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    Supremes: Not enough proof to overturn sheriff’s re-election

     

    By JIM WALLS

    June 3, 2013 — A candidate did not present enough evidence of irregularities to overturn a 2012 election that he lost to Baker County Sheriff Dana Meade, the Georgia Supreme Court ruled today.

    Tim Williamson, the challenger, received about one-third more votes than Meade in the 2012 Democratic primary but lost a runoff by 39 votes. Williamson challenged the results in court, claiming that the election was tainted by irregularities with absentee ballots, votes bought with money or liquor, and other issues.

    A lower court agreed and ordered a new runoff but postponed the rematch so Meade could appeal. The high court held today that Williamson had not shown that the number of challenged votes, even if they were thrown out, would have changed the outcome.

    The court’s 17-page order also held that Williamson had not made a sufficient case to invalidate many of the votes he had challenged. The complaint noted, for instance, that 14 absentee ballots appeared to have been altered in similar fashion, with Williamson’s name and the adjacent circle crossed out and the circle next to Meade’s name filled in. The high court noted that the sealed envelopes containing the ballots had not been tampered with so, as the lower court noted, “it is only speculation as to for whom the votes were originally intended.”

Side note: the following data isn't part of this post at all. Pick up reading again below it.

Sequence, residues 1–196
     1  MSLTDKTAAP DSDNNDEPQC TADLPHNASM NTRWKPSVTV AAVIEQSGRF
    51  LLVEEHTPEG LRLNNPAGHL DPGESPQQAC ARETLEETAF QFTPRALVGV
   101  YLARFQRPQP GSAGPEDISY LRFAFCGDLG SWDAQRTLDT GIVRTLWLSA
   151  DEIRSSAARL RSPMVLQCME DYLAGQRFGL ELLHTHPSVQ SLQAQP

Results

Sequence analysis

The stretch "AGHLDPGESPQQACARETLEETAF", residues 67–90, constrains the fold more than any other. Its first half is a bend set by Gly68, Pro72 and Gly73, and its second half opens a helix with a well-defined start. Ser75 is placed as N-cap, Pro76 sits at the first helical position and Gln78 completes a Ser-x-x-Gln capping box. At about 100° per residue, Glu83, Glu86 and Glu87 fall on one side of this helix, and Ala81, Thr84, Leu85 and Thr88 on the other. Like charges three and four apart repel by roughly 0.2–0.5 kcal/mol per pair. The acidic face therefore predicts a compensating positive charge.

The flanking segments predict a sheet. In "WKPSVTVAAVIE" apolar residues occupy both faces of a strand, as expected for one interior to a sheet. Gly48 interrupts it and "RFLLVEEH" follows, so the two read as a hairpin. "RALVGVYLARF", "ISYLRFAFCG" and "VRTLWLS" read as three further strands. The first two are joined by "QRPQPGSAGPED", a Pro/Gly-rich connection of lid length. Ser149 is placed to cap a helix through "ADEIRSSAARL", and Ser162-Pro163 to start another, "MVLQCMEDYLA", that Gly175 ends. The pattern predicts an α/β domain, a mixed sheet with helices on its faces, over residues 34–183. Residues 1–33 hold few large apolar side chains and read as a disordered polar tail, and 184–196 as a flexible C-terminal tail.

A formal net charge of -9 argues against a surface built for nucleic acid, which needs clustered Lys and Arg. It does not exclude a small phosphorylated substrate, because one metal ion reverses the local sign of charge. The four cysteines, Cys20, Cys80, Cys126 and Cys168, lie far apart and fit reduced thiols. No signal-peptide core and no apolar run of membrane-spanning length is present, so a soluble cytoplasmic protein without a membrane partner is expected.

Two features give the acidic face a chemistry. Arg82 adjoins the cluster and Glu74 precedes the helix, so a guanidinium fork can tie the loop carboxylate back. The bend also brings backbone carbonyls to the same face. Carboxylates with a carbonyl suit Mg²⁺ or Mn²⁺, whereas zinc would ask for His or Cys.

Of several voters said to have been paid for their support, the court ruled, only one had admitted selling his vote (for $20). Another said a Meade supporter gave her money and liquor but that she did not vote for the sheriff.

    Williamson’s attorney, former Democratic Senate leader Jimmy Skipper, said today that he and his client hadn’t had a chance to discuss whether to ask the court to reconsider its decision, which was unanimous.

    Meade has been sheriff of Baker County, located about 200 miles south of Atlanta, since 2008. He qualified that year to run as an independent against incumbent Isaac Anderson, then was named the Democratic nominee when Anderson withdrew from the race.

     

     

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